After a decade encompassing Brexit and the euro crisis, and amid disappointing returns relative to other markets, many investors have written off European equities, but River and Mercantile’s James Sym believes that stance now needs to change.
Investors underweighting European equities now run the risk of missing the recovery in the region, according to Sym, manager of the recently launched ES R&M European Fund, with the continent offering attractive valuations, a leading position in up and coming sectors, and political unity.
Europe’s major equity indices have lagged the US and other regions so far this year, with the double-digit gains seen in some US markets far ahead of country-specific and broad indices on the continent.
However Sym, who joined River and Mercantile this year, says this disparity has created a glaring opportunity for investors.
“European equities have been unloved and under-owned since last year, with August the first month that investors started to return to the asset class,” he says. “Turning points are often the best moments for relative returns – but it is critical to position ahead of that.”
Below, Sym outlines three factors as to why investors should be reconsidering their European exposure now.
- A better crisis.
The time to own European assets is when the region is making top down political progress towards convergence. That was true with the establishment of the euro in the cycle from 2002, it was true post “do whatever it takes”, and it is true today.
In some ways Europe needs a crisis to spur it into action. For years it has been obvious that for the euro to be sustainable there needs to be balance sheet mutualisation across Europe and fiscal transfers. The coronavirus crisis has finally catalysed this move, which should serve to bring the cost of capital down for unloved companies across the continent.
Under the recovery fund plans, the European Commission is likely to become one of the biggest AAA-rated bond issuers in the world. The initial issue was 14 times oversubscribed. This gives the periphery access to capital markets under the same terms as Germany or the Netherlands. Additionally, the net effect of the grant element of the structure is that German taxpayers are paying for peripheral infrastructure investment. This should bring down the risk premium for the region and be good for growth.
2. Leading position in ESG
“In a post-Covid environment, the world is coming Europe’s way. Simply put, European stakeholder capitalism was never the ideal light-touch regulatory environment which big tech needed to thrive. This has been a big drag for equity returns as the FANG phenomenon drove US equity returns. However, pre-eminent themes for the next cycle, such as energy transition, are areas in which Europe excels and it has companies well placed to deliver this. Meanwhile, the regulatory noose is starting to circle some of the large US technology companies. At the very least it should be, or become, a more level playing field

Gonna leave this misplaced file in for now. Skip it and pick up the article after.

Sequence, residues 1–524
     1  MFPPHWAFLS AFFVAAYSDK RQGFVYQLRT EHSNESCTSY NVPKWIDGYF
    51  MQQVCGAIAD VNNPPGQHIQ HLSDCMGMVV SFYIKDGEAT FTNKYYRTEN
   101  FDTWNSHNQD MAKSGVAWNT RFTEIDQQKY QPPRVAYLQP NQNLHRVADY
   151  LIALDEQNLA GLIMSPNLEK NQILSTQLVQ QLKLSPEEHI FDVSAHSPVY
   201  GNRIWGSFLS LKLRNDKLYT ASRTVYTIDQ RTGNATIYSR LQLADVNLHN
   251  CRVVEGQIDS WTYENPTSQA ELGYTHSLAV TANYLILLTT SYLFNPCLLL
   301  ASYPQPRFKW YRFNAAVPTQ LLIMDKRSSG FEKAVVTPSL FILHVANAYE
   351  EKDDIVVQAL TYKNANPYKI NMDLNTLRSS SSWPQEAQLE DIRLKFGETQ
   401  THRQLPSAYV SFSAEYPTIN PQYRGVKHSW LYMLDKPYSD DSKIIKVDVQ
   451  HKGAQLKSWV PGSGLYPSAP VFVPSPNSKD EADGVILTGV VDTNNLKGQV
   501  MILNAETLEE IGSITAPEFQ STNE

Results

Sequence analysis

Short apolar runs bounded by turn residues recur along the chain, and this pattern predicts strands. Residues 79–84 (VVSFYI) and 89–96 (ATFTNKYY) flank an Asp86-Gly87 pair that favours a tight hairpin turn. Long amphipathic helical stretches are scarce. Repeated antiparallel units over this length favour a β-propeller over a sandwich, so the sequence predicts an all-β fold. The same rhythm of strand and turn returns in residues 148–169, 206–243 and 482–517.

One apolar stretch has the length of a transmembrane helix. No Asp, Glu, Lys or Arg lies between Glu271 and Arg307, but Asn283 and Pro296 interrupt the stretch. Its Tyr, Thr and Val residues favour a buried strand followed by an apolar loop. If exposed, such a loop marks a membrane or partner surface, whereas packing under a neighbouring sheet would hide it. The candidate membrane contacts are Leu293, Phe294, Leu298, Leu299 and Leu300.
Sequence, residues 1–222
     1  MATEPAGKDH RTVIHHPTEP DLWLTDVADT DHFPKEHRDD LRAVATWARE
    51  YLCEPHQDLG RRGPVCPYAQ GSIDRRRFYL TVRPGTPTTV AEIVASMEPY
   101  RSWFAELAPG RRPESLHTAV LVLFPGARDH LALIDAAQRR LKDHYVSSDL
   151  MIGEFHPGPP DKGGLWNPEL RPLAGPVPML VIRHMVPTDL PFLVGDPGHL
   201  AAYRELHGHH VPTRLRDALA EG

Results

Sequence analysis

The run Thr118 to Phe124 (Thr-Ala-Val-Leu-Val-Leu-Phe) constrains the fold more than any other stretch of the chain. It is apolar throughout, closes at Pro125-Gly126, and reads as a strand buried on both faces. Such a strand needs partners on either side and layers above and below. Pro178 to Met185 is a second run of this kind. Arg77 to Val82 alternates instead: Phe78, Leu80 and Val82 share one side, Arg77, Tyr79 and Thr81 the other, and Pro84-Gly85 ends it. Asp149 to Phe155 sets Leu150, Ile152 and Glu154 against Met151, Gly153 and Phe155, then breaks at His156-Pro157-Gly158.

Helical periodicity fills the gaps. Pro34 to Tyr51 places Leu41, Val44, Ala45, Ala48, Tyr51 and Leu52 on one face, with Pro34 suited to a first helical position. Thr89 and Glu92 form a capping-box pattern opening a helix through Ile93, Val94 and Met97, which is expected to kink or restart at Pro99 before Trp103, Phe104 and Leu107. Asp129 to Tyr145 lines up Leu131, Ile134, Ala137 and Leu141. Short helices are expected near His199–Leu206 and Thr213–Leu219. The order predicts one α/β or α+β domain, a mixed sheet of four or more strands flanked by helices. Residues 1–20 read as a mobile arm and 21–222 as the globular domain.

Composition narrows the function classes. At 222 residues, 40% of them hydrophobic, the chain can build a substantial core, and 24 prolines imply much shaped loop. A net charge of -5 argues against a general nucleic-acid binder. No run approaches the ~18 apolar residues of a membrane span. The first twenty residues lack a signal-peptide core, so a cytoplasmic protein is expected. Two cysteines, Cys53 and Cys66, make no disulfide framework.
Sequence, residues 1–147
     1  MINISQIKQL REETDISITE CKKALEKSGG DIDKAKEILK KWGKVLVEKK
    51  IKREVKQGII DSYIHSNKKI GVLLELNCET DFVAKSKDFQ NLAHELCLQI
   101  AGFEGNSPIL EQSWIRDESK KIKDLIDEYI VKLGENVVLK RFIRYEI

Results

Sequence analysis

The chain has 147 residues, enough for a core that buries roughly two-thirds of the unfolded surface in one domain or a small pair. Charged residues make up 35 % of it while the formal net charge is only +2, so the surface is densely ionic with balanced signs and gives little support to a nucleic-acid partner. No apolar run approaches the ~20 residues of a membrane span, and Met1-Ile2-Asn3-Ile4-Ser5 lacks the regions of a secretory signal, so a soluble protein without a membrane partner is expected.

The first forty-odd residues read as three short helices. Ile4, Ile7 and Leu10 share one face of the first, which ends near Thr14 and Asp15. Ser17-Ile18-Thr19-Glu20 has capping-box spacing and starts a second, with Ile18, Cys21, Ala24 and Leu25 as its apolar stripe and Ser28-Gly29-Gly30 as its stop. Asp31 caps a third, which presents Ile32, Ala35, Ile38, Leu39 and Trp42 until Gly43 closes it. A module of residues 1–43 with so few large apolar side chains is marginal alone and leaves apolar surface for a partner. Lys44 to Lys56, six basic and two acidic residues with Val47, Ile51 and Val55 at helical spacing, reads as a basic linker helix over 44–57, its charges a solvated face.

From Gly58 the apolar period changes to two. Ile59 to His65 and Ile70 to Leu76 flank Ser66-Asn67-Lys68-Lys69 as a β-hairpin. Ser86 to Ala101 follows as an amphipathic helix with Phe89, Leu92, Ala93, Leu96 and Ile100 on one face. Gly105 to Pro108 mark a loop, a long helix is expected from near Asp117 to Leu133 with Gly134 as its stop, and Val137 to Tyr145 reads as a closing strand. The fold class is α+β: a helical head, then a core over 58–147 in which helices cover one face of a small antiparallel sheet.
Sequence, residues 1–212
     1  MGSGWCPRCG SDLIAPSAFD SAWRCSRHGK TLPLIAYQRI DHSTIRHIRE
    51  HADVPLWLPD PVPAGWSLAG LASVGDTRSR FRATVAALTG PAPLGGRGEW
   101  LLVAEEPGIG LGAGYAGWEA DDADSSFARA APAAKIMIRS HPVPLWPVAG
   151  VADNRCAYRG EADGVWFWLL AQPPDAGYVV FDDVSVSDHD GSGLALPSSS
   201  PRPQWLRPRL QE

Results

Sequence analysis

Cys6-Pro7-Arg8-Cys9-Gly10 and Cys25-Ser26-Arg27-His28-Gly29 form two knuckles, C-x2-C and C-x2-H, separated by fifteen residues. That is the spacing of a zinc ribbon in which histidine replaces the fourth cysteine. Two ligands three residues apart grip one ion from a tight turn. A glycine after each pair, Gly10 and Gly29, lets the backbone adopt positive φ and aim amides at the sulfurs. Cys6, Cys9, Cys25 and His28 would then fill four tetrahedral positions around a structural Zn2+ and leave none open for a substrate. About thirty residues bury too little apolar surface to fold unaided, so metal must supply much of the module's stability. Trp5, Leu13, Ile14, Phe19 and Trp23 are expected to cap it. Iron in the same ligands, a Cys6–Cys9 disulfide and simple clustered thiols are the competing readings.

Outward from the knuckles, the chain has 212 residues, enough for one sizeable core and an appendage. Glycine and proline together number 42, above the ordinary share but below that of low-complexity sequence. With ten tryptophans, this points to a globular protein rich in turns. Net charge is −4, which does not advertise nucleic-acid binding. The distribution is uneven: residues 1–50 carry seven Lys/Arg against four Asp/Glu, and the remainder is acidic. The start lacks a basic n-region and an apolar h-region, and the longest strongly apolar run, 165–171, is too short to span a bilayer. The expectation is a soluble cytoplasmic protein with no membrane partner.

3. Unloved stocks
“With outflows for most of the last year, many investors find themselves underweight the region now, while index levels remain far below their highs – unlike other regions, such as the US.
“Year-to-date, the MSCI Europe index is down 14%, while the MSCI World is up 3%. There is a relative valuation opportunity, and it looks even more attractive if you drill down further.
“The landscape in Europe is one that is full of growth funds which are (clearly) full of growth stocks which have outperformed. But if you look elsewhere, there are some really attractive opportunities that offer investors a great chance to take part in an economic recovery post the Covid disruption.
“While interest rates stay low, government spending stays high. We now see the mechanism for populism to ultimately lead to inflationary outcomes which if it transpires would set up a potentially difficult market for many clients.”
 According to Calastone research, as quoted by Investment Week
 According to Bloomberg data, to 22nd October